While pharmacists should be vaccinating for Covid-19, the strain on resources shouldn’t be underestimated, writes Fintan Moore

Like many of you, I recently downloaded the Expression of Interest form required by the HSE for pharmacies considering providing a Covid vaccination service. I had reckoned that having taken part in the flu vaccination programme last winter, then I should be in good shape to do the Covid vaccinations, but a read through the form made it clear that this would be a bigger fish to fry. I put the form aside, intending to fill it in after watching the IPU advice webinar. I wasn’t free to watch the webinar live, so I planned to watch it over the following couple of days, but I always found a reason to put it off. Then it dawned on me that when push came to shove, I just didn’t want to get on board.

I was happy enough to do the flu jabs, and will most likely do them again next winter, but there were times that they were a monumental pain in the backside, and every downside that existed for the flu vaccination programme will be multiplied for the Covid vaccinations. The HSE cold-chain delivery service made a hames of organising supplies, or at least they did for me — it looks like some pharmacies got supplied just fine at the expense of pharmacists like me. Given how much else has been botched in the Covid vaccine roll-out, I don’t anticipate the pharmacy vaccination programme to be a walk in the park, unless you count walking in dark and lonely parks surrounded by gangs of drunken yobs.

I was able to fit the flu vaccinations into my routine day without too much hassle, but the Covid vaccinations would be a bigger demand on my time and energy

Even in the unlikely event of the cold-chain service successfully providing a smooth and efficient supply, the extra administrative work of booking enough patients to ensure no wastage of doses, and re-booking them for the follow-on appointments at specific dates, will be more troublesome than the flu vaccination process.

All of the above is manageable, and the problems are surmountable, but I just don’t have the enthusiasm to sink my teeth into the challenge. I was able to fit the flu vaccinations into my routine day without too much hassle, but the Covid vaccinations would be a bigger demand on my time and energy. I do think it is highly worthwhile for pharmacies to take part if they have the required resources of time and staff to manage the extra workload, but I certainly don’t. A considerable part of my reluctance to get involved is that the last year has been busy and draining, and the busy looks set to continue, so I’m happier to sit out this round. All the best to the pharmacists who do get stuck in to sticking it in.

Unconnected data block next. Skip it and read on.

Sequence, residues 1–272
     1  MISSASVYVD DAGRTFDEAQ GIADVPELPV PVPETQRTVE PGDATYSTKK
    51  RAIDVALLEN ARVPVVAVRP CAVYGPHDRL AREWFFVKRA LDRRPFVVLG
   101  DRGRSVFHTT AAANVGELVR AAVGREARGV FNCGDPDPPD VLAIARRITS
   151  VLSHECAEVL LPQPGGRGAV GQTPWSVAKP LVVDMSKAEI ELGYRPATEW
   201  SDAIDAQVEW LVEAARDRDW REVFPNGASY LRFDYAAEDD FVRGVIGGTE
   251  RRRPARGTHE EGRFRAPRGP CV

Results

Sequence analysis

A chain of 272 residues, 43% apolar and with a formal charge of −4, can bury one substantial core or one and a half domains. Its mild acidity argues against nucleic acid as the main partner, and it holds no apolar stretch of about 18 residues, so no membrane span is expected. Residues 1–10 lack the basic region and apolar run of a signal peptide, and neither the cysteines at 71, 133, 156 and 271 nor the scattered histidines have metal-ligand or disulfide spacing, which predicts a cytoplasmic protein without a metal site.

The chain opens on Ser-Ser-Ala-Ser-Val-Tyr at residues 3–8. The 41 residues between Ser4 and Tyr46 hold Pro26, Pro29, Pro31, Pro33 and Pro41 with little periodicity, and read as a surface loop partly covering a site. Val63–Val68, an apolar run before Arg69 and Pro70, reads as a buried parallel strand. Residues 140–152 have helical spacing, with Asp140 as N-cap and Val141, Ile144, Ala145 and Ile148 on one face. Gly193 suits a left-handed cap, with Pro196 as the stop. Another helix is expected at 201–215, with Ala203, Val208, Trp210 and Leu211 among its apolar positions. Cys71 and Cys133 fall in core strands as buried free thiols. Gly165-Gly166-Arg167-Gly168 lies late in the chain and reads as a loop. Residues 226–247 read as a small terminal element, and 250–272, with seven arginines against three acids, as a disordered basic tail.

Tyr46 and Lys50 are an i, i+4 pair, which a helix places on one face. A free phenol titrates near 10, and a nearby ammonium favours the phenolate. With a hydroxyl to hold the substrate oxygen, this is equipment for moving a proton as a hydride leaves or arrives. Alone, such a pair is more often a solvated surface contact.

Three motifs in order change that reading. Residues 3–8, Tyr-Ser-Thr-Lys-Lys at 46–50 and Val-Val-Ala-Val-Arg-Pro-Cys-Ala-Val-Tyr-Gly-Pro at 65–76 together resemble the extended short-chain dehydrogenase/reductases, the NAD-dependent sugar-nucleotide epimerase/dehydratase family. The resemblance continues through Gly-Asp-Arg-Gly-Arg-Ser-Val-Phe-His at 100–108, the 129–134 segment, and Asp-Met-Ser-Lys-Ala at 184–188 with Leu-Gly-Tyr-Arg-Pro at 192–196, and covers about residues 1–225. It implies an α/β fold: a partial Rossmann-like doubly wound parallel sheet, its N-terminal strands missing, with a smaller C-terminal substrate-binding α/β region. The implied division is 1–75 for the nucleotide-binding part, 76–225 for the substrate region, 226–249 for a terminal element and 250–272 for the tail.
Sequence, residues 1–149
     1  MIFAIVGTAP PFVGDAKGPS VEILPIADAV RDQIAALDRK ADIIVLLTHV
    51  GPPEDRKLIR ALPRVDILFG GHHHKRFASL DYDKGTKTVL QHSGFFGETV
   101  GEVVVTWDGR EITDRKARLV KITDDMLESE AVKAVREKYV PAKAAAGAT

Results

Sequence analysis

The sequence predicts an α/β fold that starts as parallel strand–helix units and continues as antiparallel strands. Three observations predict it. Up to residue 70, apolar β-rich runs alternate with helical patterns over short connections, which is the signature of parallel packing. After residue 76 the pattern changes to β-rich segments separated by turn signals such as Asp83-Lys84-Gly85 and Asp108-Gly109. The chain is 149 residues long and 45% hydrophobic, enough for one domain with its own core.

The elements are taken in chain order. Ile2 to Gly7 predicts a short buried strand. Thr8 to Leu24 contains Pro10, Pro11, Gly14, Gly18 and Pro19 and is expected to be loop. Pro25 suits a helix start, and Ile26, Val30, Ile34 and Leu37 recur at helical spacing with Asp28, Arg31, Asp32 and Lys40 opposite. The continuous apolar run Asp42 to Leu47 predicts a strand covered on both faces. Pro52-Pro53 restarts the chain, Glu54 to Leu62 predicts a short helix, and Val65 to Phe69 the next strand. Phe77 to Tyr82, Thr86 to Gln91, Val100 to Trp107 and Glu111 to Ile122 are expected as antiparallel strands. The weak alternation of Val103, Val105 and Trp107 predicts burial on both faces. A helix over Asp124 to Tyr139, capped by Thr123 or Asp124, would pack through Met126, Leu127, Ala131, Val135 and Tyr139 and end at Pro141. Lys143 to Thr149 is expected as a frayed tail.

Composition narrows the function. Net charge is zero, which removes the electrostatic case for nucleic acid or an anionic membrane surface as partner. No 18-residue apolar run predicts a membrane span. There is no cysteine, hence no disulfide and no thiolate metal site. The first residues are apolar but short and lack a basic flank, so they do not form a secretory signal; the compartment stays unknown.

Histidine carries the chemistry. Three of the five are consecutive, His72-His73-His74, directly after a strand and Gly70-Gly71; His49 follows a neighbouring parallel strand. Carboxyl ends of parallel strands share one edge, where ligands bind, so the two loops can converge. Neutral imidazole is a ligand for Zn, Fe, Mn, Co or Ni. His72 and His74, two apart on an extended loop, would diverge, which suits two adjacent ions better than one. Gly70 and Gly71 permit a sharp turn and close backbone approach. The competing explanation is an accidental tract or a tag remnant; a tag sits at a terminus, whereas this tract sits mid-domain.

Time for Change

There is an old adage that one should ‘never waste a good crisis’. This advice can be taken too far, as in the case of a UK government adviser Jo Moore (no relation) who sent an email to a colleague on the day of the 9/11 Twin Towers attack, saying: “It’s now a very good day to get out any news we want to bury.” Clearly, morally odious people will always find a way to abuse a situation, but normal people can also make positive changes in difficult times. I used to open my pharmacy for a couple of hours on a Sunday morning, which made me very little money while impacting negatively on my quality of life. When I decided to stop doing it, I attributed it to the effects of cuts imposed by Mary Harney.

The Covid crisis has had relatively few upsides, but it encouraged me to start closing for lunch. When we introduced the change last March, I thought we would get some grumbles, but we explained that we needed to shut for the hour to allow for a thorough cleaning of surfaces. To be fair, we did actually do a lot of wiping-down, but the uninterrupted break was a godsend. Now that it’s established and people are used to it, it’s just accepted as normal with no complaints.

Similarly, over the last year people have got so used to ordering prescriptions in advance that they tend to apologise if they haven’t done so and need something immediately. Even then, they will usually offer to call back in a few minutes rather than wait in the shop. Trying to implement this change in behaviour in normal times would have been difficult to achieve, but has just been adopted naturally in the last year.

People are Nice (mostly)

There are times it seems that the people who work with the public have a very negative view of the public, but I have found that as a general rule, people are nice. Even in the last 14 months, with all the disruption, stress and loss that we have seen, the vast majority of patients and customers I encounter are friendly, polite and appreciative of what we do to help them. We get enough chocolate dropped in at Christmas to keep us going until Easter. Of course we have a couple of patients that have a ‘handle with care’ warning label attached, but even those ones are okay. Maybe I’m just lucky and the ‘wrong sort’ of people don’t bother coming into my pharmacy but are out there aggravating the rest of you, so thanks for that — keep up the good work!

<strong>Fintan Moore</strong>
Fintan Moore

Fintan Moore graduated as a pharmacist in 1990 from TCD and currently runs a pharmacy in Clondalkin.